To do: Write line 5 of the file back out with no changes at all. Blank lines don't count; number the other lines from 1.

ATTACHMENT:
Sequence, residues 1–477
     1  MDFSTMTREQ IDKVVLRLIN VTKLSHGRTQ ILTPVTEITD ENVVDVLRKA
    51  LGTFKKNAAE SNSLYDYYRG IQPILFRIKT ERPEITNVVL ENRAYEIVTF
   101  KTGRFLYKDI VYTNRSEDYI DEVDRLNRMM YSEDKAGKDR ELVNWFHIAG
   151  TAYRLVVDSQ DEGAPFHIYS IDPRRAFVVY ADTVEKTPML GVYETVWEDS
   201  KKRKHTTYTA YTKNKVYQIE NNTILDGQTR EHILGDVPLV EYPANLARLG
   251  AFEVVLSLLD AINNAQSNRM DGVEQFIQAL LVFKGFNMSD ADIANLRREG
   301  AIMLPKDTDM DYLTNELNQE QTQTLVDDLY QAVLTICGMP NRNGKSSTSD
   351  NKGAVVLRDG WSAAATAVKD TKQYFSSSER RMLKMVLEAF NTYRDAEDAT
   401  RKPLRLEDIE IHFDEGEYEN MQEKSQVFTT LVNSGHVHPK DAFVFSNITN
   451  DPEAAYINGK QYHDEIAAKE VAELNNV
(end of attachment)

   151  TAYRLVVDSQ DEGAPFHIYS IDPRRAFVVY ADTVEKTPML GVYETVWEDS